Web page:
Pakistan’s Salt Range Wetlands Complex provides a stunning winter home for migratory birds from as far as Siberia. There is an urgnet need to protect this fragile and unique ecosystem from the ecological damage it is now facing.
If you get off the motorway exit at Kallar Kahar in the Salt Range and go past the lake adjacent to the motorway, you will eventually find a series of three other picturesque lakes – Khabeki, Uchali and Jhalar, which have been declared a Ramsar Site in 1996 as globally important wetlands. The Ramsar Convention is an intergovernmental treaty that provides the framework for national action and international cooperation for the conservation and wise use of wetlands. The brackish/salt water lakes in the area known as the Soon Valley are an important refuge for migratory birds from as far as Siberia. Bird migration is one of the wonders of the natural world, with birds flying thousands of kilometers to find the best habitats for feeding and breeding.
Each year many migratory birds take a brief stopover of approximately 3-4 weeks in the cold months in Soon Valley to rebuild their strength to continue their long journey. In the winters, one can find hundreds of pink flamingoes in Uchali Lake, which is a stunning sight. At Kallar Kahar Lake near the motorway, several species of waterfowl inhabit the wetland in winter. These include the Common Pochard, Mallard, Purple Heron, Common Coot and Little Grebe. The Common Moorhen and Purple Swamp Hen are permanent residents in the wetlands of Kallar Kahar, while the White-headed Duck is critically endangered and can be observed in Kallar Kahar only in the winters.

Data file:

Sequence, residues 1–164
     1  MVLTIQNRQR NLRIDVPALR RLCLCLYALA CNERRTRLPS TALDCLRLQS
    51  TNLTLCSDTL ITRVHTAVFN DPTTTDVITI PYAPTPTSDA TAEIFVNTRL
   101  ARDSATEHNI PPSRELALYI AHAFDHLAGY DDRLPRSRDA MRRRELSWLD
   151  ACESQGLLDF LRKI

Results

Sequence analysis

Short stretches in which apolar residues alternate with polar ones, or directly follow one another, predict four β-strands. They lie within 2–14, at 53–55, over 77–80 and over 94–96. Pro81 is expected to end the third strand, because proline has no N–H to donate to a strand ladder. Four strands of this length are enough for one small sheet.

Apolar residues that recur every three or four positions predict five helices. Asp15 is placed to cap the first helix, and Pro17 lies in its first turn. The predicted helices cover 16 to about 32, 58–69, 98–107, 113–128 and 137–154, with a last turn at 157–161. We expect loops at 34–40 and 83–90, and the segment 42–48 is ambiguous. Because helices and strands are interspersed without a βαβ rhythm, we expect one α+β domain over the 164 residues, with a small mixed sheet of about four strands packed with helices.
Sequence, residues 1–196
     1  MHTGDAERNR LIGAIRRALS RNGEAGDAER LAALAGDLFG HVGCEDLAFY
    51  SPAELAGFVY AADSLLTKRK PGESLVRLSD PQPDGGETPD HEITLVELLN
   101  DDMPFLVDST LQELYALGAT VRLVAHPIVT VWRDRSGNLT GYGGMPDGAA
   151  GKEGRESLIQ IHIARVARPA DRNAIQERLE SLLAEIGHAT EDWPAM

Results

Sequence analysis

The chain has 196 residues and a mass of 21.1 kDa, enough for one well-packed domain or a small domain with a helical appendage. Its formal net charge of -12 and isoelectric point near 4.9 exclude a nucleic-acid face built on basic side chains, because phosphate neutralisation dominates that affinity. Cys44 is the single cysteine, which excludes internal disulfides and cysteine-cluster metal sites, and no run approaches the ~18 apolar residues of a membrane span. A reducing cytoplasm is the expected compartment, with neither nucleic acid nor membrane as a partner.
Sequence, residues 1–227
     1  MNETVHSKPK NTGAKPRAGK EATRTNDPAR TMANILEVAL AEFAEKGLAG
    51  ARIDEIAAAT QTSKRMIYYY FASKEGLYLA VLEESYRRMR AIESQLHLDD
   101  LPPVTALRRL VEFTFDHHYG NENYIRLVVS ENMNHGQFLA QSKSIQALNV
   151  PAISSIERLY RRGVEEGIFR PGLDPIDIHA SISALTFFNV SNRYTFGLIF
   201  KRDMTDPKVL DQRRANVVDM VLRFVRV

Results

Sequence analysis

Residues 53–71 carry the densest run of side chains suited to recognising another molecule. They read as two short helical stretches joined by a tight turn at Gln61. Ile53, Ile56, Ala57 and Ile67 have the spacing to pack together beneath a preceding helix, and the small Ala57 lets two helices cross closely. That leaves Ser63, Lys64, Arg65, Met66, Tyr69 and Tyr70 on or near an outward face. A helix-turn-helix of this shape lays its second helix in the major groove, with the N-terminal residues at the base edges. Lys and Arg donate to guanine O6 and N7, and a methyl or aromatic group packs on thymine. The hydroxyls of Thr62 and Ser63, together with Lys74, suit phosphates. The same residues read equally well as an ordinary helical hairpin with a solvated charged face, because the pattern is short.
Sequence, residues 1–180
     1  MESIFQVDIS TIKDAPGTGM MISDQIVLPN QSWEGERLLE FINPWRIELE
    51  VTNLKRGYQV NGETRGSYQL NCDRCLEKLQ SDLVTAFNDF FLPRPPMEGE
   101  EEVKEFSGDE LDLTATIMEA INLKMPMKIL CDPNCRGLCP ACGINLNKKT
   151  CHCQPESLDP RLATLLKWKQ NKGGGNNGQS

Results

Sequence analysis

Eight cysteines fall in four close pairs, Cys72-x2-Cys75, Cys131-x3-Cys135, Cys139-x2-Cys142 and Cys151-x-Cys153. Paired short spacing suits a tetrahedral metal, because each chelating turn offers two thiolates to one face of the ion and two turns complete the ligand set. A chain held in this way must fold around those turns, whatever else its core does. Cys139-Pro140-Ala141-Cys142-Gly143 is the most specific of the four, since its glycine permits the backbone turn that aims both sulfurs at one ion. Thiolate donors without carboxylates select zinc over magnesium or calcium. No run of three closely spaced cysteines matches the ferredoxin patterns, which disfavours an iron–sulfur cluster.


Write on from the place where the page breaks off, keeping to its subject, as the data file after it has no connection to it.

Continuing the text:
The Soon Valley is a special place, unique in an arid country like Pakistan, with its abundance of streams, lakes and hills. The valley sits atop the second largest mineral salt deposits in the world in the Salt Range. This is a fragile and unique ecosystem created millions of years ago with the evaporation of the Tethys Sea, which rose up when the Indian plate collided with the Asian plate, forming the sub-continent. The Salt Range extends from Mianwali in the west, to Jhelum in the east and at its western end it forms a semi loop, creating the area called the “Soon Valley”. The average elevation of the valley is 2000 feet above sea level.
The valley, in fact, acts as a basin – the rainwater runs down and collects in the lakes. The over use of tube wells, which pump out water for irrigation and drinking purposes in the surrounding villages, had started drying up the groundwater tables in the area. Approximately 60% of the population of Soon Valley is engaged in water intensive farming and most of the fertile land is under cultivation. Then 2010’s record-breaking rains came and a little miracle occurred in the Soon Valley. The lakes replenished themselves and the ground water table went up.
Khabeki Lake, which had become a puddle, went back to its original size. WWF-Pakistan had initiated its conservation activities in the valley back in 2001 near Khabeki Lake, where they built a field office. Later, the Pakistan Wetlands Programme focused its efforts on the three large lakes of Kallar Kahar, Khabeki and Uchali, the smaller lake of Jhalar, and the nearby lake of Nammal. This Salt Range Wetlands Complex, as it was termed by the programme, is also the core habitat for the endemic Punjab Urial, a wild species of sheep.
The Khabeki wetland is brackish and muddy, and attracts many species of wintering birds, amongst them the endangered White-headed Duck. During the last decade the number of waterfowl visiting the lake has significantly decreased, as the fragile bio-diversity of the wetland has been seriously disturbed by hunting and fishing in the lake. The Uchali Lake has salt water and is an ideal wetland for the migrating Greater Flamingoes.